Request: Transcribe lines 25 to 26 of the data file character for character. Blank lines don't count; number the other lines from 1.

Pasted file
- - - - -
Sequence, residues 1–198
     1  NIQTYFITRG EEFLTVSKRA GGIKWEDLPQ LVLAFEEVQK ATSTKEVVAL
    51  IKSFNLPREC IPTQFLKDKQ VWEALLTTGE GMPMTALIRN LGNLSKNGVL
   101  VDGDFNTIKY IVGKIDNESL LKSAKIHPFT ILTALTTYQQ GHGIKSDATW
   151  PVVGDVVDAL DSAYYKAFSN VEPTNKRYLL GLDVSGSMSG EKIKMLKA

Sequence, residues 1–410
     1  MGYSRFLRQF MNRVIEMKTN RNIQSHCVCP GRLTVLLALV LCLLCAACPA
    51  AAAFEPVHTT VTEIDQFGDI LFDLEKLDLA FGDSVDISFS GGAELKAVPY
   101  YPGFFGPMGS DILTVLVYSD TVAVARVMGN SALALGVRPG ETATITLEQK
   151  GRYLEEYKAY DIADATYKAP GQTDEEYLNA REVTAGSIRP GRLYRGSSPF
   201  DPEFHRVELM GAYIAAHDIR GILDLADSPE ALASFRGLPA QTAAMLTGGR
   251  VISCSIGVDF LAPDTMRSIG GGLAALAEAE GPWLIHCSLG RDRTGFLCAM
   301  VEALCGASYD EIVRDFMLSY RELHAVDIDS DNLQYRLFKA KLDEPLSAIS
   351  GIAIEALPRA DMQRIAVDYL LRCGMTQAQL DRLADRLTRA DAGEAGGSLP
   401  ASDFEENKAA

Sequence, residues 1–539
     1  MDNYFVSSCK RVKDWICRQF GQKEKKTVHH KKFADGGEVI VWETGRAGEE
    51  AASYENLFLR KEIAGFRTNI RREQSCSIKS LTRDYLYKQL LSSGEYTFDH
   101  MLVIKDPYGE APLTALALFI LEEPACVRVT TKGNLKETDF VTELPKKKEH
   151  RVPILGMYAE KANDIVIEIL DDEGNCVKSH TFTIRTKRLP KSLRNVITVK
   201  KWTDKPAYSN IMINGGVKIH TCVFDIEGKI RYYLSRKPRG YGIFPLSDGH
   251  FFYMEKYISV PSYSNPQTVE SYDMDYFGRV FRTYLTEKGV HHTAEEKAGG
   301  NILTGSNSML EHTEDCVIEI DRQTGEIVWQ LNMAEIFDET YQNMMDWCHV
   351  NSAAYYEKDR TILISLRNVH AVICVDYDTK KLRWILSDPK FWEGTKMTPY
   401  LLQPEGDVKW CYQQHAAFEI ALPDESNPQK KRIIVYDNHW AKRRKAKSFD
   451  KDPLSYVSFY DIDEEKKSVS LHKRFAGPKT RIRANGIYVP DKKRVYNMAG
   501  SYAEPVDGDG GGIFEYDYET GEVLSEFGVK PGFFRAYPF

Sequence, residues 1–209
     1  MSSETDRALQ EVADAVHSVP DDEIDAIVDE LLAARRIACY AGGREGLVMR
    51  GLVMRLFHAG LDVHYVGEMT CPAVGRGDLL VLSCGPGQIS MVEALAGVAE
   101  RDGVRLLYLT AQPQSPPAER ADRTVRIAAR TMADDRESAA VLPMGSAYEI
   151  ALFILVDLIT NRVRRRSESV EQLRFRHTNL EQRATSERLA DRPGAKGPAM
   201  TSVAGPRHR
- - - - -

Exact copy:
   401  LLQPEGDVKW CYQQHAAFEI ALPDESNPQK KRIIVYDNHW AKRRKAKSFD
   451  KDPLSYVSFY DIDEEKKSVS LHKRFAGPKT RIRANGIYVP DKKRVYNMAG